# Sample distribution of sample variance

• Nov 14th 2009, 08:57 PM
shellshock
Sample distribution of sample variance
I don't quite understand how this question is asking for, and how to do it.

Consider the (small) population: 1,3,4,7

Find the sampling distribution of sample variance(S^2), the sample variance when you take samples of size 2 with replacement.

• Nov 15th 2009, 12:55 AM
CaptainBlack
Quote:

Originally Posted by shellshock
I don't quite understand how this question is asking for, and how to do it.

Consider the (small) population: 1,3,4,7

Find the sampling distribution of sample variance(S^2), the sample variance when you take samples of size 2 with replacement.

Well there are six samples of size 2, you can calculate the sample variance of all six and these each are equally likely so have probability 1/6.

CB
• Nov 15th 2009, 09:46 AM
shellshock
Quote:

Originally Posted by CaptainBlack
Well there are six samples of size 2, you can calculate the sample variance of all six and these each are equally likely so have probability 1/6.

CB

Can you show me an example of how to calculate sample variance of one of them?? Thanks! (Bow)
• Nov 15th 2009, 09:50 AM
CaptainBlack
Quote:

Originally Posted by shellshock
Can you show me an example of how to calculate sample variance of one of them?? Thanks! (Bow)

Take the sample $\displaystyle \{1,3\}$ its mean is $\displaystyle 2$, and its variance is:

$\displaystyle V(\{1,3\})=\frac{1}{2}\left( (1-2)^2+(3-2)^2\right)=1$

CB
• Nov 15th 2009, 10:20 AM
shellshock
Quote:

Originally Posted by CaptainBlack
Take the sample $\displaystyle \{1,3\}$ its mean is $\displaystyle 2$, and its variance is:

$\displaystyle V(\{1,3\})=\frac{1}{2}\left( (1-2)^2+(3-2)^2\right)=1$

CB

Is it possible for the equation to be $\displaystyle V(\{1,3\})=\frac{1}{2-1}\left( (1-2)^2+(3-2)^2\right)=2$ ???? Because in my notes, the variance of a sample you have to minus 1 in the denominator. Also after I find all of the sample variance how do I find the sampling distribution of S^2? Do I just use the same equation, but use the mean of the results from all the sample variance instead?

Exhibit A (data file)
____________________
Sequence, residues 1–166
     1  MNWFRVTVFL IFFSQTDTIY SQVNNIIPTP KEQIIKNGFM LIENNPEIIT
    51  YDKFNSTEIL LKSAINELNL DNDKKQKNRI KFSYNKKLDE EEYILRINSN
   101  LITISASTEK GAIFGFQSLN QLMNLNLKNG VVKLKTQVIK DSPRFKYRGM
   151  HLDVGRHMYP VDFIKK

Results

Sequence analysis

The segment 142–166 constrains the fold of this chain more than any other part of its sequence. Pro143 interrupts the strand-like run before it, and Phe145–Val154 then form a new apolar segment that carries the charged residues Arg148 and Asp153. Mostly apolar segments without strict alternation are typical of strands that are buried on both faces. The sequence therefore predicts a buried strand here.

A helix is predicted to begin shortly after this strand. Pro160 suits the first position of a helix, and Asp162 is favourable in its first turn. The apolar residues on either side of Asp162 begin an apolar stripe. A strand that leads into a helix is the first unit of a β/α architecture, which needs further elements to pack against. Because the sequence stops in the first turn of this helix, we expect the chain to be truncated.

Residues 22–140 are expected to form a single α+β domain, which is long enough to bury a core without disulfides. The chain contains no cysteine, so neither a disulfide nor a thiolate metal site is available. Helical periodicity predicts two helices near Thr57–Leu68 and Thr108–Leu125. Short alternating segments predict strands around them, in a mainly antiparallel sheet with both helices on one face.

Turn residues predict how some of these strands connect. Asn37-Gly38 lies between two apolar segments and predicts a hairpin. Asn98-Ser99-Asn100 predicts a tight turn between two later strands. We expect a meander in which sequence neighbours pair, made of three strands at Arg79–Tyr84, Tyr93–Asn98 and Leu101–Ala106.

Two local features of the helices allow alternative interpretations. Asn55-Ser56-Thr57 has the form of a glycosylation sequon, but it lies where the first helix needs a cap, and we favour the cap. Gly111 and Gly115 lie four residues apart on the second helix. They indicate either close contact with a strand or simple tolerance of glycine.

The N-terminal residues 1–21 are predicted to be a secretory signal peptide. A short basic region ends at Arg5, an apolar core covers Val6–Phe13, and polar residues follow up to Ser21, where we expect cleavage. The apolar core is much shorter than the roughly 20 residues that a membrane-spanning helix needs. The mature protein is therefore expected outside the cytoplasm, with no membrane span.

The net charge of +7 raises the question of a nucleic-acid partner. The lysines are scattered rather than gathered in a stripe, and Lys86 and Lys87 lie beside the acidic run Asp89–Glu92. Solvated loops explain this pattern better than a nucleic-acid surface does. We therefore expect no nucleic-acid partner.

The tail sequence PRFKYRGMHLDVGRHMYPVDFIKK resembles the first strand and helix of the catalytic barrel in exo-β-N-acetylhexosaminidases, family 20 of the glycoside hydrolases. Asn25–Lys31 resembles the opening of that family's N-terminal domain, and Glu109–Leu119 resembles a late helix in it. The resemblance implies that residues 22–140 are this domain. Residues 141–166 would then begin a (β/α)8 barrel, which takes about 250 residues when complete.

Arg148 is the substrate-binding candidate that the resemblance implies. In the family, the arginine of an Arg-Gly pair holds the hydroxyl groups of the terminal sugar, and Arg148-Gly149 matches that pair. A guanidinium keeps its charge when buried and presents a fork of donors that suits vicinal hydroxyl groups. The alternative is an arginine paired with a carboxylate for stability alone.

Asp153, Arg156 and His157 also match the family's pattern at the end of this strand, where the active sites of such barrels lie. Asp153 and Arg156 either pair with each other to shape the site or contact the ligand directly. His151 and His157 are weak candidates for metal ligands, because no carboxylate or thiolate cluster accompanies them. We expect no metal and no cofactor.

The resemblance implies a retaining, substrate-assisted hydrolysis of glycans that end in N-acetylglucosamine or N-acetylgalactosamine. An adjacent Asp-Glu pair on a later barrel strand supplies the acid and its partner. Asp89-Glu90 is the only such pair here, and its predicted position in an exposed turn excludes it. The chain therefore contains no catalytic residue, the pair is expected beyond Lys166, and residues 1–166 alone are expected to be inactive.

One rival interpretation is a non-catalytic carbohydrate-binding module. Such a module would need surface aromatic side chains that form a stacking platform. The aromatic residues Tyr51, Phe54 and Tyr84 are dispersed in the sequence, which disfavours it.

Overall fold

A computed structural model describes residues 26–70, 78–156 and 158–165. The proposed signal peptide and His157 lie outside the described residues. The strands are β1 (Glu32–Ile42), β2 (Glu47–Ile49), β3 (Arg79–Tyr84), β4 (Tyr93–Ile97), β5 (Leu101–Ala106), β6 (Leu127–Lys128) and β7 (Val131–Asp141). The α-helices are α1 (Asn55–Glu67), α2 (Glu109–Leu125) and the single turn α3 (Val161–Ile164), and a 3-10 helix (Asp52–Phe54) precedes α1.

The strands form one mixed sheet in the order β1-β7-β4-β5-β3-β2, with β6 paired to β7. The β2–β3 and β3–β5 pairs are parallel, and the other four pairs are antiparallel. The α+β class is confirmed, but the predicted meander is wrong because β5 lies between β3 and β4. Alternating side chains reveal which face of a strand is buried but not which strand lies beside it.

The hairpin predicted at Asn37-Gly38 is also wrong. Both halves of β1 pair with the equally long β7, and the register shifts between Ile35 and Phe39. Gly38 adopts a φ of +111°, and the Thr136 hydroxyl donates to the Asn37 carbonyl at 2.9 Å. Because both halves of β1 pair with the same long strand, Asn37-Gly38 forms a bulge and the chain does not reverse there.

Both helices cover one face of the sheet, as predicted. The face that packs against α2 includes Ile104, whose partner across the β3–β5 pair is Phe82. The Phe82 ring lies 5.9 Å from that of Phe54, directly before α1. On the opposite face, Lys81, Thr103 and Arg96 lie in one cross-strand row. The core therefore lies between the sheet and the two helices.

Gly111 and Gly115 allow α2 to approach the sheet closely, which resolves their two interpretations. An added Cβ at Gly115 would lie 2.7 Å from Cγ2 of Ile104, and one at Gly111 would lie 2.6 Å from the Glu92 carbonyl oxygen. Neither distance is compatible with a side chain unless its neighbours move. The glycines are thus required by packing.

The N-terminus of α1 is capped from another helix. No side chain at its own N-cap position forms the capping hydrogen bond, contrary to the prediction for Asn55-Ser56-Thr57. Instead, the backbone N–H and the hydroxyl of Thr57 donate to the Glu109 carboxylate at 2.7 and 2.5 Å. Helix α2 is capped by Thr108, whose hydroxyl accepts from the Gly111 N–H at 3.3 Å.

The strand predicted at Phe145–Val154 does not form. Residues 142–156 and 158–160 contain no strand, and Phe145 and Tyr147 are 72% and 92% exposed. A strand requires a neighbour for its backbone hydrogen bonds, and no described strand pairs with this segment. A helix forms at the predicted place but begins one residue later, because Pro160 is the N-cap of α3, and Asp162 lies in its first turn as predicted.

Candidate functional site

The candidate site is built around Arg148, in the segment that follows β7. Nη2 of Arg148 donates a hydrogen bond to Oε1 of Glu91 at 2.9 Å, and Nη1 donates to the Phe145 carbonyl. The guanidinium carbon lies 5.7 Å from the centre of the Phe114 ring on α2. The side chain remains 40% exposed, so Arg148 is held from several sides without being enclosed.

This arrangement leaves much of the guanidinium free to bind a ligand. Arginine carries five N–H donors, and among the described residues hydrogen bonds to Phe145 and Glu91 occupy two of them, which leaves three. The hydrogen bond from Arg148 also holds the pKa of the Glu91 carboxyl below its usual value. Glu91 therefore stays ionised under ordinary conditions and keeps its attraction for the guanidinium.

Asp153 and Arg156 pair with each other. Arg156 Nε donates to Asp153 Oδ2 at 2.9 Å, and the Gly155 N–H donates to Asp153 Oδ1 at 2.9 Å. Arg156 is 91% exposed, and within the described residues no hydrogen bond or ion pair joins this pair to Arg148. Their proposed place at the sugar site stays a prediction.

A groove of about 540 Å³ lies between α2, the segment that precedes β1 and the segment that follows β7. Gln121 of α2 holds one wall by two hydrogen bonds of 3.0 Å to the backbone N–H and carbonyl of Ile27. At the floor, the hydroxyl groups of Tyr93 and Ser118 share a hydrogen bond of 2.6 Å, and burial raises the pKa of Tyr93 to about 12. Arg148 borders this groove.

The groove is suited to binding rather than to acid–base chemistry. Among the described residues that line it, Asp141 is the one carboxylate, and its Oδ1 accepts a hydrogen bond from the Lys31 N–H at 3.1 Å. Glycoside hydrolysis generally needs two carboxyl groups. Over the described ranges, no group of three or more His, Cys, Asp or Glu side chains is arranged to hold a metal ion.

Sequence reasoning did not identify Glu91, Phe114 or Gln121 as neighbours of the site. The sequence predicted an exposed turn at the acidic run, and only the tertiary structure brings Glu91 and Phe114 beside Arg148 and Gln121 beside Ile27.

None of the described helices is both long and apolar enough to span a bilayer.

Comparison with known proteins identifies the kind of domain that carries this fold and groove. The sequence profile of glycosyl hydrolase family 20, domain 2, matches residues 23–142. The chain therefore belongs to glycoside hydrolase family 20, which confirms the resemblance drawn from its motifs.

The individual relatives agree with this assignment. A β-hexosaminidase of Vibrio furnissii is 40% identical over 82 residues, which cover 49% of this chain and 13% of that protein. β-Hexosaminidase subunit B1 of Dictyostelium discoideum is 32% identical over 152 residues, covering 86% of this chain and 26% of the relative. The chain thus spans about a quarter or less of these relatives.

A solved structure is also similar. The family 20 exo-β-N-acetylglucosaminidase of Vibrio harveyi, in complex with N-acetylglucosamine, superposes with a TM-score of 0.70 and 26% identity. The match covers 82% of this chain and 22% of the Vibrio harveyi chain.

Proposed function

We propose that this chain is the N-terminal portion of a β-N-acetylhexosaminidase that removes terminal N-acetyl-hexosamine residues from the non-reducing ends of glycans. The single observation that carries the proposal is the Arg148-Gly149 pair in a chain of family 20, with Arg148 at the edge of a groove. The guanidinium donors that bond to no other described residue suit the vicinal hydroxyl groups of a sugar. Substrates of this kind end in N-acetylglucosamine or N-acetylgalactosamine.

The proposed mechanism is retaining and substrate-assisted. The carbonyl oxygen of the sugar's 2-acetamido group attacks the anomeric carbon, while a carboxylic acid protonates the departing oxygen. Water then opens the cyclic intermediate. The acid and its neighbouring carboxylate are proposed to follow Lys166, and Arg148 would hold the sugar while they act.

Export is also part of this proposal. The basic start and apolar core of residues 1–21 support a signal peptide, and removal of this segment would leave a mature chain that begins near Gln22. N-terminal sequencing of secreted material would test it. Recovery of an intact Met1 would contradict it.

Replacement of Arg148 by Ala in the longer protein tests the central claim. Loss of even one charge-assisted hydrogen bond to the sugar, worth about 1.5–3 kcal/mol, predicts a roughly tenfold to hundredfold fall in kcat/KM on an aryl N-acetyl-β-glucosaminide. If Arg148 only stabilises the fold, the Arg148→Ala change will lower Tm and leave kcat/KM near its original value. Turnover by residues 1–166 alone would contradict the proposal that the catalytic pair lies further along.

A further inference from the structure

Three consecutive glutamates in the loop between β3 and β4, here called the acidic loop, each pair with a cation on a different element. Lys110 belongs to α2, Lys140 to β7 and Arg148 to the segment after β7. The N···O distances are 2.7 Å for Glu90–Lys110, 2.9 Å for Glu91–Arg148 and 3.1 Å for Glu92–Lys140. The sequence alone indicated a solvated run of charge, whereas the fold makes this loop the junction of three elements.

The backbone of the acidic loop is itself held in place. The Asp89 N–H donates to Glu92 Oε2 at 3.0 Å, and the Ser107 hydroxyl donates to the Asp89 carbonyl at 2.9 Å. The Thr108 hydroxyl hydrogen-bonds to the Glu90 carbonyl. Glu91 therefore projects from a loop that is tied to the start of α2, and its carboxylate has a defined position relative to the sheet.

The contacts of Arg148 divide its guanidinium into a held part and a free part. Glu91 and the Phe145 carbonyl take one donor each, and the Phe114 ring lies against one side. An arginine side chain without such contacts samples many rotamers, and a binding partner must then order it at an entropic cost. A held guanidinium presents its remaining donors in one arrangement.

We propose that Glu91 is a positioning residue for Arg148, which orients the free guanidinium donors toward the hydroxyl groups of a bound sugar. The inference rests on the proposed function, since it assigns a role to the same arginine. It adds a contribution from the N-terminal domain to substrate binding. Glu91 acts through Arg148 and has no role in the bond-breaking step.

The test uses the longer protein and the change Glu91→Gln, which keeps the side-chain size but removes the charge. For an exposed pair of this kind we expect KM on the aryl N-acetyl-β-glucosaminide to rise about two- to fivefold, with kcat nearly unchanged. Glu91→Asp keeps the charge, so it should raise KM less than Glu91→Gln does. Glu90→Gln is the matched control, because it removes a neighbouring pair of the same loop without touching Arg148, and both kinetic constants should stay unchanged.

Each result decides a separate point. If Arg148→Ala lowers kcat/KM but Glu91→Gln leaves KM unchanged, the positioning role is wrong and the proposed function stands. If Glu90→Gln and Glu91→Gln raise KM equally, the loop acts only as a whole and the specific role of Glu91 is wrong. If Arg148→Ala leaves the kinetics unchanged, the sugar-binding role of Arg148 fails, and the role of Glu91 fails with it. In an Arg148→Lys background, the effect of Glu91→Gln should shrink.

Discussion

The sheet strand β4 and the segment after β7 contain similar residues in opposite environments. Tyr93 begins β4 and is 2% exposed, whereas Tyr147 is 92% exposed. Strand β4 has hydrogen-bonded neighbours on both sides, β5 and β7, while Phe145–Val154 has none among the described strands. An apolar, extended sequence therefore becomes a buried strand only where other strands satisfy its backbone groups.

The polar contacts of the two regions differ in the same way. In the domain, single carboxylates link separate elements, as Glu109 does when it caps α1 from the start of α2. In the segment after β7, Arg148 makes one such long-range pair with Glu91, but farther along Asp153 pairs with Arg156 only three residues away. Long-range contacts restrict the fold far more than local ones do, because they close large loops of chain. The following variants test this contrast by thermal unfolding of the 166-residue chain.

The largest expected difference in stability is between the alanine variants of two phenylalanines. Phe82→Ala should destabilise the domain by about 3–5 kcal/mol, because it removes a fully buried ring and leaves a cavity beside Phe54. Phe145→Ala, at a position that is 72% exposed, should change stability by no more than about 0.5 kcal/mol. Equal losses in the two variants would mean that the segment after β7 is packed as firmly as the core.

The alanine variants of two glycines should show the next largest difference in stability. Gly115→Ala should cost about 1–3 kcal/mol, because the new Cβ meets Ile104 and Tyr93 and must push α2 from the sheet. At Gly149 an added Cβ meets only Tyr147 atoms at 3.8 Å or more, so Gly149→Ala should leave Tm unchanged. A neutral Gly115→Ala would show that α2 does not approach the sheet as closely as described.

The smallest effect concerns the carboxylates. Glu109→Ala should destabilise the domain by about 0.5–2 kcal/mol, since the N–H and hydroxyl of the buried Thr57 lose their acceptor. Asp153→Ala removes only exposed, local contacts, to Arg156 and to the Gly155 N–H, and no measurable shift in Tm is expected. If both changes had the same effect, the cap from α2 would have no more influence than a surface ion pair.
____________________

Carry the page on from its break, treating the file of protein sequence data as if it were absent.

• Nov 15th 2009, 11:05 AM
CaptainBlack
Quote:

Originally Posted by shellshock
Is it possible for the equation to be $\displaystyle V(\{1,3\})=\frac{1}{2-1}\left( (1-2)^2+(3-2)^2\right)=2$ ???? Because in my notes, the variance of a sample you have to minus 1 in the denominator. Also after I find all of the sample variance how do I find the sampling distribution of S^2? Do I just use the same equation, but use the mean of the results from all the sample variance instead?

It asks for sample variance not the estimate of the population variance, so I would use 1/2 not 1, but what you use is up to you so long as you say what you have done.

CB
• Nov 15th 2009, 07:31 PM
shellshock
Quote:

Originally Posted by CaptainBlack
It asks for sample variance not the estimate of the population variance, so I would use 1/2 not 1, but what you use is up to you so long as you say what you have done.

CB

O okay thank you, but how do i find the sample distribution of S^2?(Bow)
• Nov 15th 2009, 07:49 PM
CaptainBlack
Quote:

Originally Posted by shellshock
O okay thank you, but how do i find the sample distribution of S^2?(Bow)

You calculate s^2 for each of the six possible samples, and these each have a probability of 1/6.

CB
• Nov 15th 2009, 08:29 PM
shellshock
Quote:

Originally Posted by CaptainBlack
You calculate s^2 for each of the six possible samples, and these each have a probability of 1/6.

CB

Is there an equation for it? I'm sorry, this is the first time I'm doing sampling distribution.
• Nov 15th 2009, 10:41 PM
CaptainBlack
Quote:

Originally Posted by shellshock
Is there an equation for it? I'm sorry, this is the first time I'm doing sampling distribution.

See the attachment for the calculation of the variance for each of the possible sample of size 2:

Attachment 13871

So the sampling distribution for variance is v=0.25 with p=1/6, v=1 with p=1/6, v=2.25 with p=1/3, v=4 with p=1/6, v=9 with p=1/6.

CB
• Nov 16th 2009, 12:12 PM
shellshock
Quote:

Originally Posted by CaptainBlack
See the attachment for the calculation of the variance for each of the possible sample of size 2:

Attachment 13871

So the sampling distribution for variance is v=0.25 with p=1/6, v=1 with p=1/6, v=2.25 with p=1/3, v=4 with p=1/6, v=9 with p=1/6.

CB

Thank you very much!